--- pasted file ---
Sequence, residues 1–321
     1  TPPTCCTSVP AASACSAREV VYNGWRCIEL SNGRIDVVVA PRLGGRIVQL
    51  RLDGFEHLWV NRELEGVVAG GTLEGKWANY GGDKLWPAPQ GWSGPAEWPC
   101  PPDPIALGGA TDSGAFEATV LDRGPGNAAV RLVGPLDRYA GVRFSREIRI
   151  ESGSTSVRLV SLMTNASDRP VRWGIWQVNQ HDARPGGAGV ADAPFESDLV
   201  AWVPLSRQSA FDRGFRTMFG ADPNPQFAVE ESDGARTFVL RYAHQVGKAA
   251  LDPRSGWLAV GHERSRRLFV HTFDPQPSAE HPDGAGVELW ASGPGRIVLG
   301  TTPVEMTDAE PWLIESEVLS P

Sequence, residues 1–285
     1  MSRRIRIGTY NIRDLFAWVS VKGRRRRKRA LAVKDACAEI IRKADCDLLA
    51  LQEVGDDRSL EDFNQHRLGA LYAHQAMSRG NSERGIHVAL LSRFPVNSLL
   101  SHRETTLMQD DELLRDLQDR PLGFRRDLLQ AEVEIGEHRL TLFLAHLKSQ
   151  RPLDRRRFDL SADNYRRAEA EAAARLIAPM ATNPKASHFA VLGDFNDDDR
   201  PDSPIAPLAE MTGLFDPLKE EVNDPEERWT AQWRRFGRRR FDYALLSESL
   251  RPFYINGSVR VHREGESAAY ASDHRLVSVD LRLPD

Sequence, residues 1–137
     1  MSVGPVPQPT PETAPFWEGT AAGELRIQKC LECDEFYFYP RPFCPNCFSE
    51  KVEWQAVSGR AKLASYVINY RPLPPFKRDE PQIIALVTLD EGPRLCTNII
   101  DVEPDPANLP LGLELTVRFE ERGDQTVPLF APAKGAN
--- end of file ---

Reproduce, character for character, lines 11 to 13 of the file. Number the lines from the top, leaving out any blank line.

    51  LQEVGDDRSL EDFNQHRLGA LYAHQAMSRG NSERGIHVAL LSRFPVNSLL
   101  SHRETTLMQD DELLRDLQDR PLGFRRDLLQ AEVEIGEHRL TLFLAHLKSQ
   151  RPLDRRRFDL SADNYRRAEA EAAARLIAPM ATNPKASHFA VLGDFNDDDR